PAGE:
This is going to sound weird, but I think my husband is more upset about this cycle being a failure than I am.
I was definitely angry and bitter yesterday morning, but writing a blog post was quite therapeutic for me and by the time I got home I felt as close to normal as a gal can possibly feel when she’s going through IVF.
When Doug arrived home from work at about 7pm, he looked tired and sad. He wrapped me up in a big hug and asked me how I was doing.
“I’m ok,” I said. “What would you like for dinner?”
“Come on now, don’t lie.” he cajoled. “You don’t have to be strong for me.”
“Um…I’m not?” I said, looking up at him. “I feel ok.”
“Neither of us feel ok.” he disagreed. “We don’t have to pretend with each other. I tried to pretend this morning at the doctor’s clinic but we need to just allow ourselves to be sad now.”
That’s when I really noticed just how devastated he actually was. He confessed that he had been on the verge of tears all day at work. His boss had even noticed something was wrong, and had asked if I was sick. He’d also spoken to his family and asked for some space from them so we can grieve.
Doug has never really shown that much emotion throughout this whole IVF process, at least not without a few wines in him. When we lost our last pregnancy, I was the one who hid under the blankets and cried for a fortnight. Doug almost seemed to carry on as normal. I knew he was disappointed with the result, but he even admitted that he didn’t think of our loss as a baby because it was only 5 and a half weeks along and “shaped like a tiny tadpole” rather than a human. It’s just the way he copes with things. He rationalises and internalises and carries on.
So to see him so upset last night really broke my heart. It’s frustrating and awful and soul destroying to have a cycle fail before egg pick up. But I also know it could have been so much worse.
In a way I was glad Doug finally showed that IVF is affecting him too. He even admitted he might need to go and see someone like I am. It’s not healthy to bottle up all your emotions all the time. The last thing I want is to see him sad, but I’d rather get upset with him than worry he’s getting upset when he’s all alone.
Speaking of “seeing someone”, I had my first session with the infertility counselor this morning. She seems a bit odd and I haven’t made my mind up about her yet, but I’m going to go back next week to give it a second try.
She asked me some weird questions, like why I think infertility is becoming a greater problem in society. I didn’t really see how that was at all relevant to me, or my situation. I’m trying to have one child not solve the fertility problems of the entire world. Do I look like Captain Planet??
Pushing those thoughts aside, I considered her question for a moment then told her I thought it was because people were leaving it later to have children, thus diminishing their fertility. Other environmental factors, such as the genetically modified foods, chemicals and preservatives we eat in modern, western society surely also played a role. Then there was social infertility. I gave examples of single women who are now able to try to fall pregnant through the use of donor sperm and homosexual couples who are able to use donors or surrogates. Treatments were not legal or widely available for non married couples until recently. Then I added the basic fact that infertility would historically have been under-reported. A childless couple was not necessarily considered infertile. There was no assisted reproductive technology available, thus they would not routinely be identifying themselves as unable to conceive to medical professionals.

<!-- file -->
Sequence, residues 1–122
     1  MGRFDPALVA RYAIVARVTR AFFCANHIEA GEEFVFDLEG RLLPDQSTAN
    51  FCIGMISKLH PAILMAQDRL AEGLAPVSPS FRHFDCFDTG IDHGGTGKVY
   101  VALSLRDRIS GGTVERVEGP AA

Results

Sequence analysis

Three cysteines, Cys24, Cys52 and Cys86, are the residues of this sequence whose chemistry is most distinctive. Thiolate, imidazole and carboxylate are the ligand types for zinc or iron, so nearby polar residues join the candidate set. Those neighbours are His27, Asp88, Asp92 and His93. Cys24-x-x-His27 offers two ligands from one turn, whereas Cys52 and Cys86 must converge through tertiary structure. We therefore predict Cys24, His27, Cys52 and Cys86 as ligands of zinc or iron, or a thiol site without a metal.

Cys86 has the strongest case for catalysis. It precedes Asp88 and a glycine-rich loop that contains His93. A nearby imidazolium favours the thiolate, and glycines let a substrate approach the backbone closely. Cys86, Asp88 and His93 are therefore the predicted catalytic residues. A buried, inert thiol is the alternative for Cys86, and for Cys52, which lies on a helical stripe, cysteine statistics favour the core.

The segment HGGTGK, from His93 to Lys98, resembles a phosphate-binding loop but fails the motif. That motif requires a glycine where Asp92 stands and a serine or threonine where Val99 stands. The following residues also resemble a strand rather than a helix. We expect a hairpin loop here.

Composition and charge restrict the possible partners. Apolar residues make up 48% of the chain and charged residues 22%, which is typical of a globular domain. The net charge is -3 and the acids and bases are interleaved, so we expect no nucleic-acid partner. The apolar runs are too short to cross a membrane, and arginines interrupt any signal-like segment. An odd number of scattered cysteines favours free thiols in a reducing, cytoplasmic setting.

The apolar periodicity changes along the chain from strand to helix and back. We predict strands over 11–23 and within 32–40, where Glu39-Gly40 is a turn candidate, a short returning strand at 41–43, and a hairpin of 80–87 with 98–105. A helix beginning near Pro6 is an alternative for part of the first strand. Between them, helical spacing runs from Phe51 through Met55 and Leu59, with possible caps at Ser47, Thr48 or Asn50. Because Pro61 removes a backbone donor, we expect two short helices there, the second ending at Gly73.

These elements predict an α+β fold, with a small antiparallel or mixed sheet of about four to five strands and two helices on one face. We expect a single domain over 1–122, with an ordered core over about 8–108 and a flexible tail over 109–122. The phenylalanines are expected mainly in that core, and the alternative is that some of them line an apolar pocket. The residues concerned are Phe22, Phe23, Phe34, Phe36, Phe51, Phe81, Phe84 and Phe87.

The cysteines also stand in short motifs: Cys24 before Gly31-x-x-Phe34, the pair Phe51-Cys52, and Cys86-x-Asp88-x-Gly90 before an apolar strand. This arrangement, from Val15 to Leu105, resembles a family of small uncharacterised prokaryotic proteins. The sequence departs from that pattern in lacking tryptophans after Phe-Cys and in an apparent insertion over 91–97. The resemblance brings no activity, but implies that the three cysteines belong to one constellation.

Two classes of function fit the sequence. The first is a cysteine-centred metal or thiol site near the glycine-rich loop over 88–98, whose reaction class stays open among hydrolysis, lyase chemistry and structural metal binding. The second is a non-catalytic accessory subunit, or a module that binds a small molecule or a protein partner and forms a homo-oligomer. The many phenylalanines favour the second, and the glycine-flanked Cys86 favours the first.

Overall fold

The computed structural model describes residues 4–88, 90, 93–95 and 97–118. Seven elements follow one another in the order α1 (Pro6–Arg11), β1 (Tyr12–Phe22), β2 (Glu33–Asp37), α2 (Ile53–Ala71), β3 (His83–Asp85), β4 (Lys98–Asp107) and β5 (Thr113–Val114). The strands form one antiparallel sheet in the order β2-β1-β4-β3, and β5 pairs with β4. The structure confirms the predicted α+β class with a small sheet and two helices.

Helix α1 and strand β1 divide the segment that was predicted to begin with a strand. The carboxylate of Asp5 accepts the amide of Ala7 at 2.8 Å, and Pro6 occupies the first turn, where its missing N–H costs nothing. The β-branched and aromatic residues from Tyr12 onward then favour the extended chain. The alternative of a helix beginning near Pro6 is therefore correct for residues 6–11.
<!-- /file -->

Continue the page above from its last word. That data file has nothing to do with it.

“No, that’s wrong.” she said dismissively, offering no supposedly right answer.
What in the……
To be fair, it wasn’t all weirdness and she did also offer me some interesting insight into my own mind. She picked up on the fact I seem to now identify myself as an infertile.
“That’s not who you are.” she said. “Infertility is a circumstance, it is not the definition of a person. You can’t let infertility define your character. You’re more than just a young woman who is struggling to have a child.”
Those words really hit home with me. I realised very quickly that I have allowed my medical conditions to take over and define who I am as a person. If someone asked me to sum myself up, I’d say Sadie, 27 years old, infertile. But that’s not actually me. So I think it’s time to reintroduce myself…..
I’m Sadie. I’m 27 years old, kind, funny and supportive. I love my dog an unnaturally large amount, I’m very close to my family, and I’m married to the love of my life. I eat vegemite straight from the jar, and I have an irrational phobia of whales. I’m a high achieving student, I hate exercise but I try, I can never stop at just one piece of chocolate, I’m a movie buff with a huge dvd collection and a little bit obsessed with the X Files. My goals in life are to see Versailles, complete a PhD, run a marathon, have three children, write a novel, learn to swing dance and live on a farm.
I am not just an infertile. My medical problems make up a big part of my life, but they are not shameful and they don’t define me. I am a whole person with multifaceted habits, goals, opinions.
I encourage everyone who is going through fertlity treatment, or struggling with infertility, to sit down and write out on a piece of paper exactly who they are. You might be surprised by the results.